But doctors there were skeptical of the diagnosis and, instead, called the state abuse hotline to report Maya’s mother, Beata Kowalski, for suspected medical child abuse. After a child protection investigation, a judge ordered that Maya be removed from her family and sheltered at the hospital. After 3 months with no physical contact with her daughter, Beata Kowalski took her own life.
Judge Hunter Carroll had ruled before the trial that the hospital could not be blamed for the state’s decision to shelter Maya at the hospital nor for a decision by doctors to report Beata Kowalski to the abuse hotline.
Attorneys for the Kowalskis centered their case on the hospital’s failure to treat Maya for the pain syndrome, a rare neurological condition that can cause spontaneous and often excessive pain from something as mild as a touch.
Pradeep Chopra, a pain management and anesthesiology doctor from Rhode Island who provided the dependency court with an evaluation of Maya’s medical condition, testified that the girl had the rare pain syndrome often nicknamed the suicide condition because the pain can be so debilitating.
In doing that, he said, All Children’s doctors deviated from the accepted standard of care for the pain condition and caused Maya’s health to worsen. She had previously been treated with infusions of ketamine, an anesthetic drug.
Timothy Brewerton, an adult and pediatric forensic psychiatrist, testified that Maya; her brother, Kyle Kowalski; and her father, Jack Kowalski, all suffer from post-traumatic stress disorder, major depressive disorder and complicated traumatic bereavement from the trauma they endured.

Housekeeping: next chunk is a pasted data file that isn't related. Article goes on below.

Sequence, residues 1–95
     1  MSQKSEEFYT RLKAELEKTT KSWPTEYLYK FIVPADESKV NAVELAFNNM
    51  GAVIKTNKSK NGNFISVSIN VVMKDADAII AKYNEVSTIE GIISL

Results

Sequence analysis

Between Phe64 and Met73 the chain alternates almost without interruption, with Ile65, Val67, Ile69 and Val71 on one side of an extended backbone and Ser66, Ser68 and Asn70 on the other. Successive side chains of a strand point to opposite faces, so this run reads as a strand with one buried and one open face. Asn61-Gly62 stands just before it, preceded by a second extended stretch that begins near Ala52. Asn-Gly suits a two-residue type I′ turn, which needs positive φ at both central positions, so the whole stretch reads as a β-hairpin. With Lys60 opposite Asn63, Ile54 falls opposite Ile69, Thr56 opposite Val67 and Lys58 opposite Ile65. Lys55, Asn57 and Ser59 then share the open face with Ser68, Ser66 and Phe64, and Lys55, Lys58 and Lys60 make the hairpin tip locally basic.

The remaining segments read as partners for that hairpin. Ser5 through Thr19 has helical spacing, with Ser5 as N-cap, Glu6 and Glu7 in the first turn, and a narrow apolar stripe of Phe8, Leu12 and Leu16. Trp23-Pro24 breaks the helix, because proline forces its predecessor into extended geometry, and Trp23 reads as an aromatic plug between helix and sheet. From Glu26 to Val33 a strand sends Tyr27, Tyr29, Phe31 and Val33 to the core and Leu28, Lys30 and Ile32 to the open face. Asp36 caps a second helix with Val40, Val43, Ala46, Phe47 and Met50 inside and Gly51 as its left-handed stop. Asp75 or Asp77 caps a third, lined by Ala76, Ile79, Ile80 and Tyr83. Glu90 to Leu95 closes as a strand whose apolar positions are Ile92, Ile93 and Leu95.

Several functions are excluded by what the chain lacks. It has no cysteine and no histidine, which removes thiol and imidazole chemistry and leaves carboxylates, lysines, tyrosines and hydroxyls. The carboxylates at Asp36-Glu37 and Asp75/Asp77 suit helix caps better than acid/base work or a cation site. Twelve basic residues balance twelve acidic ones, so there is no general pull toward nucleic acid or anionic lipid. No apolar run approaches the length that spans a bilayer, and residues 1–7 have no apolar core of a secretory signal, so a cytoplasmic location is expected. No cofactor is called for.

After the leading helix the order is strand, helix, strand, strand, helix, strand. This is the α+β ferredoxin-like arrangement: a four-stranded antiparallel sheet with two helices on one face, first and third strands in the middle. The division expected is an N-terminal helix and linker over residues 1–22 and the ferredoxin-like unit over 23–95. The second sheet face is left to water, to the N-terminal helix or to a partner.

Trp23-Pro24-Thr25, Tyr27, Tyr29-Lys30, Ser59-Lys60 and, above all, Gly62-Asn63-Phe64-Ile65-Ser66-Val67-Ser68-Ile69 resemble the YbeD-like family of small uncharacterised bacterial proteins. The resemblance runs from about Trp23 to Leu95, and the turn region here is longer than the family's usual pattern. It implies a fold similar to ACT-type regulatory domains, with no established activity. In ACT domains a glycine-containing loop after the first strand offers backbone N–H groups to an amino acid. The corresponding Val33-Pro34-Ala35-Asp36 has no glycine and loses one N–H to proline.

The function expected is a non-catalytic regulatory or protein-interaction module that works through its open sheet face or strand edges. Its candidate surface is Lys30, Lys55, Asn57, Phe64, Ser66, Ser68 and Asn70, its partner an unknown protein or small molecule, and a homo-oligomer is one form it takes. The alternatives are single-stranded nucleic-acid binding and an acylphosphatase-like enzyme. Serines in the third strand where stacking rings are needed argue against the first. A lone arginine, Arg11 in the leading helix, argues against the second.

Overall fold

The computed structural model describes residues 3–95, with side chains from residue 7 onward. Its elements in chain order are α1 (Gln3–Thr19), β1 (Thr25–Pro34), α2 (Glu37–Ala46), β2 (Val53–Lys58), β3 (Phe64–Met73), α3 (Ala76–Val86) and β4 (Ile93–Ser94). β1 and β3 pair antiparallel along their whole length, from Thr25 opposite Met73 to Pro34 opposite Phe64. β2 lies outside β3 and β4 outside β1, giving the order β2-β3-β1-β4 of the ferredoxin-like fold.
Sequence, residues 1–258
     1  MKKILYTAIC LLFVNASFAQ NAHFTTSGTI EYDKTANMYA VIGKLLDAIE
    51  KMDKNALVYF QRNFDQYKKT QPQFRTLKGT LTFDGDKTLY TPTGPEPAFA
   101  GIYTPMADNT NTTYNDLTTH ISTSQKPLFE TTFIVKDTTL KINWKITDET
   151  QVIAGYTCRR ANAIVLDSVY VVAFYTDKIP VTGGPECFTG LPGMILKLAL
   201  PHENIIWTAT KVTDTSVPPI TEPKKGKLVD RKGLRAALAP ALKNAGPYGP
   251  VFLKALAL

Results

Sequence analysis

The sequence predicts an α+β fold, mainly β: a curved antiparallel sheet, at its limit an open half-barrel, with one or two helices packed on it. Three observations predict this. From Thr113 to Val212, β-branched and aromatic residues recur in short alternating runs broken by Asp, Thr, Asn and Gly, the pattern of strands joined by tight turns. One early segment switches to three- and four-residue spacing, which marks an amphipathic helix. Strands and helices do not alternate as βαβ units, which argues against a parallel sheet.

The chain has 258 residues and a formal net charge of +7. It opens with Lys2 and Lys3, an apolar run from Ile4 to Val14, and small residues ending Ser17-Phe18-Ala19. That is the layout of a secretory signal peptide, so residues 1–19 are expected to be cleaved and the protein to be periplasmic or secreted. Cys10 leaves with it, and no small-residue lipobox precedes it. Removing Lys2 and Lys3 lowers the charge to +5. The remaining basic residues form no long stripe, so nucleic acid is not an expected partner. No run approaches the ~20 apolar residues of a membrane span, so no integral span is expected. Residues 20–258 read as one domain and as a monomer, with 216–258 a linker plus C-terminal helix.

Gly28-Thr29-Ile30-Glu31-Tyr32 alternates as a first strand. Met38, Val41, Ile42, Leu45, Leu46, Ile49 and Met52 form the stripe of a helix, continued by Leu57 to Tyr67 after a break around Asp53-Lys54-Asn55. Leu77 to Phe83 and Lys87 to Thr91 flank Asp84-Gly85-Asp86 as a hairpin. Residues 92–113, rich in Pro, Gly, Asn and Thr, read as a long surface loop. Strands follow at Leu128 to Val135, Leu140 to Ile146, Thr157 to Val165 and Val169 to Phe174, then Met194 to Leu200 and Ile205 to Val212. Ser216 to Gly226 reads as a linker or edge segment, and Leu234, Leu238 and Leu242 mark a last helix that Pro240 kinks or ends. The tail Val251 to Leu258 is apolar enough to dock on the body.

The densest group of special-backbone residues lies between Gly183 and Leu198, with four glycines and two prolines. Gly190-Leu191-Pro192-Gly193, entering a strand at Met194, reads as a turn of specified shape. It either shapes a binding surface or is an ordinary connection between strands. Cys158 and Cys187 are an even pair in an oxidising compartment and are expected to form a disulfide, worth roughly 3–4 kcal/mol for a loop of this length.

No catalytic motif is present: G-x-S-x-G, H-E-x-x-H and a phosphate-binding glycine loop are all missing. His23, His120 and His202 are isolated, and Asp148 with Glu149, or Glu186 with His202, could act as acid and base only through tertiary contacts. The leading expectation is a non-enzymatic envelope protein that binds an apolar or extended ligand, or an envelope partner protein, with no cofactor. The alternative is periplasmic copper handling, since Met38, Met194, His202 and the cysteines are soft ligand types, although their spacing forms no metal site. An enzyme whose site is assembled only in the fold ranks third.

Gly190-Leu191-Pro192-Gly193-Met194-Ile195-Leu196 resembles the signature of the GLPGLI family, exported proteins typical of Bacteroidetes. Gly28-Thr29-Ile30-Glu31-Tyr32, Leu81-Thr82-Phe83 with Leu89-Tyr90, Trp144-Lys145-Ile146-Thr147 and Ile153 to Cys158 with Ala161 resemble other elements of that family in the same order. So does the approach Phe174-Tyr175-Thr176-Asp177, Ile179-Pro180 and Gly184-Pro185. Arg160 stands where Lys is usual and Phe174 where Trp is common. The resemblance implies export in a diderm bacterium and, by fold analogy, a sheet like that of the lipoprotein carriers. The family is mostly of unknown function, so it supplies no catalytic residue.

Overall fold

Maya cried as she testified about her separation from her mother and how she was told she would not be able to attend a court hearing where her mother would be present if she did not agree to being photographed.
Joseph Corcoran, a retired hospital administrator who reviewed reports on All Children’s as a witness for the family, told jurors that All Children’s employees had reported a culture of retaliation against those who spoke up and that the hospital’s organization prevented effective oversight by its governing board.
“It was a totally dysfunctional organization and the Kowalskis paid the price,” Anderson said Tuesday during closing statements.
All Children’s attorney Ethen Shapiro said the hospital’s treatment of Maya was safe and evidence based. The hospital decided against settling the case out of court because it would have a chilling effect on those in the medical field and others who are required by law to report suspected child abuse.
The hospital’s defense included testimony and medical documents showing that doctors from other hospitals who had treated Maya were also skeptical of the pain syndrome diagnosis. Their notes included references to her condition including a psychological component or conversion disorder, where a patient experiences pain or other symptoms even though there is no underlying cause.
The defense also showed the jury emails written by Beata Kowalski that they said showed that ketamine treatments were causing memory loss and hallucinations. One referred to when the family went to Mexico for a ketamine coma, a procedure where a patient is given a dose high enough to induce a coma that lasts several days. The procedure is not approved by the FDA.
Shapiro said Maya’s medical records confirmed what other doctors had testified: her medical history was one of “unnecessary medication given at dangerous levels.”
Hospital doctors were right to report suspected child abuse and to question the treatment her parents were demanding when they arrived at the hospital, he said.
“The coward’s way out is to let them leave,” Shapiro said. “People who care about children do not let that child walk out the door without talking to the family.”